Summary: When we think we are too busy to pray, we are succumbing to the issue of control: either we suppose we can manage everything or we want to abdicate. Prayer is the way to find priorities and strength.
Let me throw some numbers at you. Imagine that you were in charge of an operation that involves, on the average, some ten thousand people a week, almost all of whom come together at one time. Of these ten thousand or so, not all will get there every time, but sometimes many more than that will show up. A variety of factors, including weather and whim, means that sometimes it will be down to six or eight thousand; other times it will climb to perhaps fifteen thousand. And you who are in charge do not know until it happens how many are coming. Do you see the potential for things getting out of control?
In addition, when they gather for a few hours, creating logistical problems ranging from traffic management to restroom maintenance, there are to be a couple of large meetings and about 300 smaller meetings, all at once. Most of these little groups are to be led by people who may or may not show up prepared to lead their groups. If you have 300 meetings going on simultaneously, it is almost certain that some of them will go spinning out of control.
In addition, the bill for running this enterprise comes to more than ten million dollars a year. Where does it come from? You don’t actually know. It’s uncertain. But you are in charge of getting it to come! As well as of getting various other things to happen. As well as of attending to the individual needs of the ten thousand. People are pulling at your sleeve all the time, asking you to do this, be that, go somewhere, get it done. You are supposed to be in control.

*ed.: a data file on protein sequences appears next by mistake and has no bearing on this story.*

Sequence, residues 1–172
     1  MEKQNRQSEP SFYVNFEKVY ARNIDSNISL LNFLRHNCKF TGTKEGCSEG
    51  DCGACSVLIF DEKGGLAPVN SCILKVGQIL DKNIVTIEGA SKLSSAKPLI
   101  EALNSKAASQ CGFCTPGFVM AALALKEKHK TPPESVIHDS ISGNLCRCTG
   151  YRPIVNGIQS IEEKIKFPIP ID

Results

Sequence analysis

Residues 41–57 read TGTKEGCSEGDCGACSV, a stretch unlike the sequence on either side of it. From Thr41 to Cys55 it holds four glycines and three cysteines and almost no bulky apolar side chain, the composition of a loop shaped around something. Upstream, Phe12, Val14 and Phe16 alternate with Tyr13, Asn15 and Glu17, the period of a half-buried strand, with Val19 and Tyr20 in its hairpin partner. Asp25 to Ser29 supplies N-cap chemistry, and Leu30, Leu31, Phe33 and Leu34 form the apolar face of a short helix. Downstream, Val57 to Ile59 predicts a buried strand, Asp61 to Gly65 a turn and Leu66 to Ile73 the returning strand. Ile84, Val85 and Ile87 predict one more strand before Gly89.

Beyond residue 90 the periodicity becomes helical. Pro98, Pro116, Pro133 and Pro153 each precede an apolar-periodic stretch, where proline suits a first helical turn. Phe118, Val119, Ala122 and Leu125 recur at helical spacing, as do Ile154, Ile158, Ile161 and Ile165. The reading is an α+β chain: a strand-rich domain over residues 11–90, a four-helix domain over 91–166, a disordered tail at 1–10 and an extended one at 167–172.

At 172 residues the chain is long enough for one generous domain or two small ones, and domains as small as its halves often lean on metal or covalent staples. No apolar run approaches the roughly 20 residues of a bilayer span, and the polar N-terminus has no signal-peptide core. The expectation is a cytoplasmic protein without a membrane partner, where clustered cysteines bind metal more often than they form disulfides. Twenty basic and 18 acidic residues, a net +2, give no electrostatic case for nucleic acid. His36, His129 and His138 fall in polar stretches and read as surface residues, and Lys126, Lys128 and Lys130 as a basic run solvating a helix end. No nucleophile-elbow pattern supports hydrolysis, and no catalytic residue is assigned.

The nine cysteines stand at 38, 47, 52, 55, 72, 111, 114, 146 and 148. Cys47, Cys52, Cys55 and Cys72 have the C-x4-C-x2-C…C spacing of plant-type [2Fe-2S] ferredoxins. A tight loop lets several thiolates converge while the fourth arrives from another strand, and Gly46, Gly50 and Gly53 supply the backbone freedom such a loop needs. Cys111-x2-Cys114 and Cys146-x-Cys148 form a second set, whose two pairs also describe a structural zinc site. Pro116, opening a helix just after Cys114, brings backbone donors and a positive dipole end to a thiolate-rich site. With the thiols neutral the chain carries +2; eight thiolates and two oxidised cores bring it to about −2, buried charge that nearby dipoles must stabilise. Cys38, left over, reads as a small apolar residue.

At the end of the day, when one of these huge gatherings is over, the last car has left the acres of parking, and the last door has been locked, then someone hands you a brochure advertising a prayer retreat: five days out in the woods, no telephone, locked in prayer.
What is your response? What do you reply?
Now I know that you think you know what I want you to reply! I know what you think will please the pastor! You think you are supposed to say, "That sounds great, just what I need. Five days of peace and quiet with the Lord. I’ll go."
But come on, now, get real. What do you really say? Managing ten thousand people, dealing with uncertain helpers, finding ten million dollars, and somebody wants you to get away for a prayer retreat? And you say, Oh, how wonderful!" Get real! No, what you are far more likely to say is, "I don’t have time for that. I have too much to do. I couldn’t afford five hours, let alone five days. I’m just too busy to pray."
Too busy to pray. That is the mark of Christians living in a fast-paced, high-powered world. Too busy to pray.
There are dangers in being too busy to pray. I want to insist this morning that in fact we are not too busy to pray. Instead we are too busy not to pray. Do you get that distinction? It is not that we are too busy to pray. It is that, if we only really knew it, we are too busy not to pray. Because we are busy, we have no choice but to pray.
The issue at its heart is the issue of control. How do you control the situation you are in? How do you control your own life? One avenue is prayer.
The situation I was telling you about a moment ago is the story of Bill Hybels, the pastor of Willow Creek Community Church, near Chicago. It’s one of those fast-growing churches in the outer suburbs. It has to be an absolute nightmare to manage.
As I read about Bill Hybels and Willow Creek, of course I made the obvious comparisons to myself and Takoma Park. How can one man begin to manage ten thousand church members, when I can scarcely deal with half of our seven hundred? How can one person even grasp what is going on with 300 plus classes and ministries, let alone plan any of it, when it seems we here labor mightily just to keep a few programs going and start a couple of new ones?
Most intimidating of all, how can Bill Hybels find time to write a book, when Joe Smith can scarcely find time to read it? I suspect the answer is found in the title of his book, Too Busy Not To Pray. This morning’s message is derived from that book title, although the development of it is mine.
Too busy not to pray. The issue, I say again, is how to be in control of our own lives.